Looking back on my high school experience, I’ve found that it was the little things that pulled me through. When the homework piled up, and bedtime stretched past midnight, late night chatting on AIM became less of a distraction and more of an asset, though I’m sure my mother would disagree. Late night silliness kept me alive on those nights. Having friends to bounce ideas off of or to talk through the main points of a unit was comforting and relieving.
When I think of my favorite moments in high school, I think of sharing the contents of one or two of the five Tupperware containers I bring for lunch with my friends. Or I think of knocking over several desks to race a friend for the last seat in the classroom before the Biology final, or singing during soccer practice. That’s not to say that the big achievements of high school have no significance. Saving my math grade after a disappointing second marking period (averaging 2 episodes per day of Lost Seasons 1 and 2 is a bad idea) by studying harder than ever for the final was one of the most gratifying moments of high school (I danced). Winning the 4 by 400 meter relay for our only win of the track season erased the sometimes unbearable pain of running. All grades, achievements, and goals, are important. But what I’m trying to say is that I’ve learned that the most important thing is balance.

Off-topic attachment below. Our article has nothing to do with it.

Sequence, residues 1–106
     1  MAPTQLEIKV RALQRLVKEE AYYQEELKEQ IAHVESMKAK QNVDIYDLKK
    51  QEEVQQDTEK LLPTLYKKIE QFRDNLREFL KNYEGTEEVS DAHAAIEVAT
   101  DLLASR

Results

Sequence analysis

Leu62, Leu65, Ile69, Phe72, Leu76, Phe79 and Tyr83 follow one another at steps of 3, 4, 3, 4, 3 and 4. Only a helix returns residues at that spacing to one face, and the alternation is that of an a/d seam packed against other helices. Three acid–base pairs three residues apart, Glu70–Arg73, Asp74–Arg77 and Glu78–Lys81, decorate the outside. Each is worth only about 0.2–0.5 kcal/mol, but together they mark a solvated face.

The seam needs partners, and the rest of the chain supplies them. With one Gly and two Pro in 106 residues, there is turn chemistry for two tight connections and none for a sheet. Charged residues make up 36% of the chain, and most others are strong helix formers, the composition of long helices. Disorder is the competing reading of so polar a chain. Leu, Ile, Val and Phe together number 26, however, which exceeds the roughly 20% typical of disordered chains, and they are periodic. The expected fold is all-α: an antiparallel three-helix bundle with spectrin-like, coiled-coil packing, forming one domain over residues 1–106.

It was always hard for me to be a student and an athlete. But I can truly say that my classmates at East created the best possible environment for me to balance the two aspects of my life. The talent that surrounded me and the friendships I made challenged me to be better in a non-competitive manner. I think that’s rare.
As we approach the end of high school, I know that I made mistakes, and that I’ll make more. But I also know that I have learned a few things on the way and I conclude with this: Challenged yourself, because at the end of the day, only you can know what you worked for, what you deserve. But don’t forget to take notice of who and what makes you happy.